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Audition Season

November 8, 2015 — 73 Comments

I will be having my Master of Music postgraduate program auditions soon and I’m trying to recollect all the advice I have received during my training here at the Royal Conservatoire of Scotland and from people I have met along the way.

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This picture was taken a couple of months before my Undergraduate auditions

In this blog post I want to talk about my undergraduate audition experiences. It may help answer some questions for those about to take their first auditions but if not it is my account of what I discovered and I hope that you find it interesting. I don’t pretend to know all the answers but I know that when I was auditioning I would have been grateful for more knowledge.

I personally think it’s important to feel as confident and calm as possible on the day so that you can sing at your best. For me I can help to aid this by planning and making decisions before the event for example; what I’m going to wear; how I’m going to get there; who am I going with; when and what am I going to eat. They may seem like silly questions but I like to know that on the day the only thing I have to make decisions about are artistic and creative ones when I sing. I was once told that we have a limit on how many decisions we can make in one day. I think this is really interesting and I will research into this to see if it’s true, (one day).

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Try and travel to the Conservatoire using public transport, remember that if you are offered a place this is probably how you will be travelling between home and your place of study.  Check the routes, timings and how many changes you will need and this will help with journey times.  Book your train tickets early it’s less costly and you don’t run the risk of there being no seats available as I did trying to book a week before going to Cardiff.

It can be an anxious time but think of this as a new skill to master, the audition will be important to you and the anxiety you may feel is just because you are about to encounter something totally new in your life.

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Ralph Strehle, a professor at the RCS once advised me to create a ‘positive list’. This is essentially a list of things people have said about my singing that they liked or thought were a strength. This could be comments from an exam critique, a teacher, a friend or audience member. The list may start off as just one bullet point, however it only takes a moment to realise that as your training progresses the list will grow. Reflecting on what’s good can improve your attitude, increase your optimism and boost your wellness.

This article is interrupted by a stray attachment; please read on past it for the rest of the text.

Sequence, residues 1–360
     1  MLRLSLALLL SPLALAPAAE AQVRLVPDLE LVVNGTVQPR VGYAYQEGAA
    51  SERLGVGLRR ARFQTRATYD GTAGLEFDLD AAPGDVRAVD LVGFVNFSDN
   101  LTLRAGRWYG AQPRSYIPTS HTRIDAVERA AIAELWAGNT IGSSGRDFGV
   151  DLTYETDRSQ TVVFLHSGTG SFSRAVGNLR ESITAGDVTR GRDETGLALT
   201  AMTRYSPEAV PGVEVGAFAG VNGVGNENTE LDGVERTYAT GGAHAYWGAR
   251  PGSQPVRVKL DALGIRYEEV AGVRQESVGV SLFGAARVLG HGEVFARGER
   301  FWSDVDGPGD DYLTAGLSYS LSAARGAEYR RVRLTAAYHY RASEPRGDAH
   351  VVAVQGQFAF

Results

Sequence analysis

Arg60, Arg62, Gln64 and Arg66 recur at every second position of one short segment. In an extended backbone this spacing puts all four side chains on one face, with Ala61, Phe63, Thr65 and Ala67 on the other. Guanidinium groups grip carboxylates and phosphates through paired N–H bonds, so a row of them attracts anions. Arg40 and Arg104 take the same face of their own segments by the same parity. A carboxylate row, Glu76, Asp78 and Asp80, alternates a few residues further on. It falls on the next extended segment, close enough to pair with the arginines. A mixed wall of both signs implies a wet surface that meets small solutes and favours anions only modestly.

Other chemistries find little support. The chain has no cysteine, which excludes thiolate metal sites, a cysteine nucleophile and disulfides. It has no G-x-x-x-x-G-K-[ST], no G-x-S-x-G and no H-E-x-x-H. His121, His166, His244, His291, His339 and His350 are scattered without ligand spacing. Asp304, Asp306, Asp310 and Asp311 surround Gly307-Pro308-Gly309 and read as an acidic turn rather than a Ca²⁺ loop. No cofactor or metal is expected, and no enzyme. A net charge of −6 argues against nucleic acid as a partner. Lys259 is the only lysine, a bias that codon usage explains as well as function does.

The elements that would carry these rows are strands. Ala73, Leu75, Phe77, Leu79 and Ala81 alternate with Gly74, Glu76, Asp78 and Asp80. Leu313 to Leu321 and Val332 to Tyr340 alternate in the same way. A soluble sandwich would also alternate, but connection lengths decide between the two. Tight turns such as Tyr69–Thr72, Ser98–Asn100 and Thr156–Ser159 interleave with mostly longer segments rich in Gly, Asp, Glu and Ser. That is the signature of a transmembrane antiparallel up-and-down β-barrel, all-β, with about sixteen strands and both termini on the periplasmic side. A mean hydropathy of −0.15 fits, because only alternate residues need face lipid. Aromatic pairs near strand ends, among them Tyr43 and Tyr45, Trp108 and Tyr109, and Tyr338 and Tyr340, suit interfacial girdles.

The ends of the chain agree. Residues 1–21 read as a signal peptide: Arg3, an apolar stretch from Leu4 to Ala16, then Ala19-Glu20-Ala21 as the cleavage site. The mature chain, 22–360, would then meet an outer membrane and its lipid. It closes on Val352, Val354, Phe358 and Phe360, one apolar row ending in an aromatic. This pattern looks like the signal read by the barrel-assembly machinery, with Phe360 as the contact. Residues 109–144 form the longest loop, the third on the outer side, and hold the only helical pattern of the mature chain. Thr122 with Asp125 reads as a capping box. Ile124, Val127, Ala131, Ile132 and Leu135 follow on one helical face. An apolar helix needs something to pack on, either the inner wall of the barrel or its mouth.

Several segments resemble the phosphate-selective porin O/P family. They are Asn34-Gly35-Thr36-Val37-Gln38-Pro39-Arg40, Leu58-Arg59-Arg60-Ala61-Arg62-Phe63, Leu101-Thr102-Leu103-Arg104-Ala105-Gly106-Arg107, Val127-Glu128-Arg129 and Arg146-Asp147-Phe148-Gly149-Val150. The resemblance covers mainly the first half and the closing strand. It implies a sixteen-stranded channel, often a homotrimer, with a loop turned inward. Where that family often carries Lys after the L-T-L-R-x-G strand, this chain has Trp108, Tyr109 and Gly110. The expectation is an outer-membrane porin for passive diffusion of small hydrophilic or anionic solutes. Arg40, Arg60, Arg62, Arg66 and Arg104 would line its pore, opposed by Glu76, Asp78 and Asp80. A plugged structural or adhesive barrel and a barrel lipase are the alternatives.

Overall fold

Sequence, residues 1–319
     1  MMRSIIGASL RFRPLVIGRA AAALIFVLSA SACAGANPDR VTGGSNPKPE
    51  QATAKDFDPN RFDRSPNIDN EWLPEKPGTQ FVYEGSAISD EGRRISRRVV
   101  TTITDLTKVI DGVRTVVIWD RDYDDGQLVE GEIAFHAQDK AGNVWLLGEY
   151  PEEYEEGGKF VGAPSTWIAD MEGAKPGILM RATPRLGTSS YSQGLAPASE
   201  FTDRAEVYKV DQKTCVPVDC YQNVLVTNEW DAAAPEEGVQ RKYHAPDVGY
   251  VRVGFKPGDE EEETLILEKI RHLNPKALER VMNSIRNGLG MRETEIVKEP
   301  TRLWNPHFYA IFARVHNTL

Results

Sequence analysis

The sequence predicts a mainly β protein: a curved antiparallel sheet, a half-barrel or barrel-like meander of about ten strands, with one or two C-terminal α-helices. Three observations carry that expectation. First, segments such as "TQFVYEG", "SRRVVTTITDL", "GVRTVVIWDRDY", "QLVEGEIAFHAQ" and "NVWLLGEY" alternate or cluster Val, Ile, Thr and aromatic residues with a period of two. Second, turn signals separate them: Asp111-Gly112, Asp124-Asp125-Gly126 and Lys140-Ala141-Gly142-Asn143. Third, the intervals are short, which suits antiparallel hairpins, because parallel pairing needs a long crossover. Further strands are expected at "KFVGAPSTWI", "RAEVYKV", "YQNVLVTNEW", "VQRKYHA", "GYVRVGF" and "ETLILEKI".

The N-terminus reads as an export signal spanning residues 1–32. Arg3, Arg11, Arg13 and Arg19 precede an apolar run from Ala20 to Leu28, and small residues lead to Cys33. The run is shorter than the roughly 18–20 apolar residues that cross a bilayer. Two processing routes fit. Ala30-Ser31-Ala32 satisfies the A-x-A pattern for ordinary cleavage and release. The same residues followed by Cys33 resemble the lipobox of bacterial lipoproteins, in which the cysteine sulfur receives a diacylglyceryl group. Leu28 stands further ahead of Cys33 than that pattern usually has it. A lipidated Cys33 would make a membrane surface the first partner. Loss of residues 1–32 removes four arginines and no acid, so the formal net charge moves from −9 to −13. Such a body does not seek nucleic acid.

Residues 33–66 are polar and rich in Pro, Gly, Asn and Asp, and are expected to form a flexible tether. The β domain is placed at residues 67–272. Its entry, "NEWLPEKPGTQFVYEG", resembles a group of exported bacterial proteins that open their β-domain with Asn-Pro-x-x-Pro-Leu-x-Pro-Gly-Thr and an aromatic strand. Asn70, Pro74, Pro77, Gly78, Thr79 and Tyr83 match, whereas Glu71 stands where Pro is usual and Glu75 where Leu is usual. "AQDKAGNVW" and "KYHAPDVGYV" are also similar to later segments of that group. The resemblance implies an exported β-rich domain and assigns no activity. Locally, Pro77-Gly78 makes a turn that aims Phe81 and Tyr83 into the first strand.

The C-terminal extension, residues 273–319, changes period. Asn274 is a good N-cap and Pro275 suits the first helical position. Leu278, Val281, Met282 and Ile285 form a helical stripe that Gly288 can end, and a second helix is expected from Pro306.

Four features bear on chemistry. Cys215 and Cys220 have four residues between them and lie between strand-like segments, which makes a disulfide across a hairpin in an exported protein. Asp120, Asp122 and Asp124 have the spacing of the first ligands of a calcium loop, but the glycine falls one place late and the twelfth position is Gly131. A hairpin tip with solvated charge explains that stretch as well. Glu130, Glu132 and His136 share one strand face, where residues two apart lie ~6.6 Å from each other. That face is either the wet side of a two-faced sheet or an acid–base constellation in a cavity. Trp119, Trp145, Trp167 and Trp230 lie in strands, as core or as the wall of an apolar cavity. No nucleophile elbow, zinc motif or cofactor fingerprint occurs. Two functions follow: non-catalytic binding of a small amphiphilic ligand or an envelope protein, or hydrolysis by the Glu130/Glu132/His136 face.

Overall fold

Like preparing for an interview, research the school you are applying to. I know the Royal Conservatoire of Scotland voice department have a Facebook page now, on which they keep updates of what is going on and what our alumni our achieving. It can be quite exciting to see what is happening and can help you to form some informed questions that you would like to ask during your audition. But for these questions focus on what interests you and don’t be afraid to ask.

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Check out the audition requirements for each Conservatoire as they will vary.  Each will ask for a specific selection of song types but within each genre the song choice is yours. Some have a written exam and others may ask for a spoken monologue and a sight reading test so be prepared.

Most conservatories have two rounds and some possibly three. I can say without embarrassment that I didn’t get through every round at every conservatoire but I did at several others. We all are diverse and so are the Conservatoires. All you can do is be yourself and show them where you are at that moment in your journey and they will decide whether you are ready to work in their way.

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Just remember that everybody’s voice develops at a different pace and there is no set age to join a Conservatoire. In my year there are a range of ages and it is OK and normal to re-apply if unsuccessful the first time around and you’ve set your heart on going to a Conservatoire, or to take time out before you commence the audition process.    There are 16 vocalists in my year 11 girls and five boys, some Conservatoires take more at undergraduate and some take less but if singing is your passion then they are fabulous institutions to train at.

Lastly and probably the most important thing to remember on the day is that the audition panel are looking for keen students so remember that they want you to succeed.